iSAVE: Incrementally Deployable Source Address Validation Jelena Mirkovi´c, Zhiguo Xu, Jun Li of packets with spoofed source addresses. The SAVE protocol makes this information available at every router, although, in the absence of full deployment, it is difficult for SAVE to maintain either correct

  2. Electrically actuatable doped polymer flakes and electrically addressable optical devices using suspensions of doped polymer flakes in a fluid host

    DOE Patents [OSTI]

    Trajkovska-Petkoska, Anka; Jacobs, Stephen D.; Marshall, Kenneth L.; Kosc, Tanya Z.

    2010-05-11T23:59:59.000Z

    Doped electrically actuatable (electrically addressable or switchable) polymer flakes have enhanced and controllable electric field induced motion by virtue of doping a polymer material that functions as the base flake matrix with either a distribution of insoluble dopant particles or a dopant material that is completely soluble in the base flake matrix. The base flake matrix may be a polymer liquid crystal material, and the dopants generally have higher dielectric permittivity and/or conductivity than the electrically actuatable polymer base flake matrix. The dopant distribution within the base flake matrix may be either homogeneous or non-homogeneous. In the latter case, the non-homogeneous distribution of dopant provides a dielectric permittivity and/or conductivity gradient within the body of the flakes. The dopant can also be a carbon-containing material (either soluble or insoluble in the base flake matrix) that absorbs light so as to reduce the unpolarized scattered light component reflected from the flakes, thereby enhancing the effective intensity of circularly polarized light reflected from the flakes when the flakes are oriented into a light reflecting state. Electro-optic devices contain these doped flakes suspended in a host fluid can be addressed with an applied electric field, thus controlling the orientation of the flakes between a bright reflecting state and a non-reflecting dark state.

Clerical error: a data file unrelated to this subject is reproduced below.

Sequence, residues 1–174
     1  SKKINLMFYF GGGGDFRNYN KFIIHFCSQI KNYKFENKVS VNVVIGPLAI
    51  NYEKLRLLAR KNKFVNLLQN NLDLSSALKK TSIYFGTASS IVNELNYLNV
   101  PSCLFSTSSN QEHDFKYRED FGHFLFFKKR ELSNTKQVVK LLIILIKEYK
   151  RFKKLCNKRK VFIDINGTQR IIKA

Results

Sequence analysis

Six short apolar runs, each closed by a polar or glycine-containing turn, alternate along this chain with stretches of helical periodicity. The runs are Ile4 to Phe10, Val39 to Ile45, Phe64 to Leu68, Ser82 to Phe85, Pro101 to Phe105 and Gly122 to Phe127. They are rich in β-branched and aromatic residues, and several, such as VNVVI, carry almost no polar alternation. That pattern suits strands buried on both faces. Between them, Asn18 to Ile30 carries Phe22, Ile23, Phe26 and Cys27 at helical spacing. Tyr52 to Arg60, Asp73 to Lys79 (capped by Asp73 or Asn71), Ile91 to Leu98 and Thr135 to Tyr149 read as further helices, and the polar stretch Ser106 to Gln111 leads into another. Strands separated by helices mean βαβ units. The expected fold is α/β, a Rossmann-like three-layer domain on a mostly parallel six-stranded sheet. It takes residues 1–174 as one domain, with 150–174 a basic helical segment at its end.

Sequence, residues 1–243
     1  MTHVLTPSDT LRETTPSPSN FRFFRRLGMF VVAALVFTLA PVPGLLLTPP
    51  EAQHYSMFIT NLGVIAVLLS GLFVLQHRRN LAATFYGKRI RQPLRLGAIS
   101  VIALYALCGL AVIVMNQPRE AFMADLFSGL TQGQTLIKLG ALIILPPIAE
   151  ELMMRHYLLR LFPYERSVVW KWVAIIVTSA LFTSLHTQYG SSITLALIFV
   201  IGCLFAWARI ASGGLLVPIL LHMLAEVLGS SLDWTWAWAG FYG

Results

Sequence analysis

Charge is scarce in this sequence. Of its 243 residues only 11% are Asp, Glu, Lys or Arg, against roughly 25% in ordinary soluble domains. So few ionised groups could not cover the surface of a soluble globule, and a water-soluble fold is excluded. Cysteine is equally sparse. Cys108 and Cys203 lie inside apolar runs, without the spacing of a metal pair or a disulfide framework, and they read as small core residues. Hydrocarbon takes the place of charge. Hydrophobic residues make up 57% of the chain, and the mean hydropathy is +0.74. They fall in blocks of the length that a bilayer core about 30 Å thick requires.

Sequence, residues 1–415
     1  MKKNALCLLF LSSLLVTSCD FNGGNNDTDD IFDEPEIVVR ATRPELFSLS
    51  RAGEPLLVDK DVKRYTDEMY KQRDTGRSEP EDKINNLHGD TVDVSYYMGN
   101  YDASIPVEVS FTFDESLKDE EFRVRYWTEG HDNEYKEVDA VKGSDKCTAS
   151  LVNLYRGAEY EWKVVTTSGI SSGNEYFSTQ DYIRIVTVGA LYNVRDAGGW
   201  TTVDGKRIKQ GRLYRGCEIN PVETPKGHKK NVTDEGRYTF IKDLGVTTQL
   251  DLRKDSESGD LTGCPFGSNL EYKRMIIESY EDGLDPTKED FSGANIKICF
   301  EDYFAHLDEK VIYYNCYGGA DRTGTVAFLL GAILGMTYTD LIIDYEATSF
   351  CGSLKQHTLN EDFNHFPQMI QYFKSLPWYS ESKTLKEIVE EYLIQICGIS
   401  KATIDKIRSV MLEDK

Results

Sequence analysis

3. Addressing the insider threat

    SciTech Connect (OSTI)

    Hochberg, J.G.; Jackson, K.A.; McClary, J.F.; Simmonds, D.D.

    1993-05-01T23:59:59.000Z

    Computers have come to play a major role in the processing of information vital to our national security. As we grow more dependent on computers, we also become more vulnerable to their misuse. Misuse may be accidental, or may occur deliberately for purposes of personal gain, espionage, terrorism, or revenge. While it is difficult to obtain exact statistics on computer misuse, clearly it is growing. It is also clear that insiders -- authorized system users -- are responsible for most of this increase. Unfortunately, their insider status gives them a greater potential for harm This paper takes an asset-based approach to the insider threat. We begin by characterizing the insider and the threat posed by variously motivated insiders. Next, we characterize the asset of concern: computerized information of strategic or economic value. We discuss four general ways in which computerized information is vulnerable to adversary action by the insider: disclosure, violation of integrity, denial of service, and unauthorized use of resources. We then look at three general remedies for these vulnerabilities. The first is formality of operations, such as training, personnel screening, and configuration management. The second is the institution of automated safeguards, such as single-use passwords, encryption, and biometric devices. The third is the development of automated systems that collect and analyze system and user data to look for signs of misuse.

  4. Addressing the insider threat

    SciTech Connect (OSTI)

    Hochberg, J.G.; Jackson, K.A.; McClary, J.F.; Simmonds, D.D.

    1993-01-01T23:59:59.000Z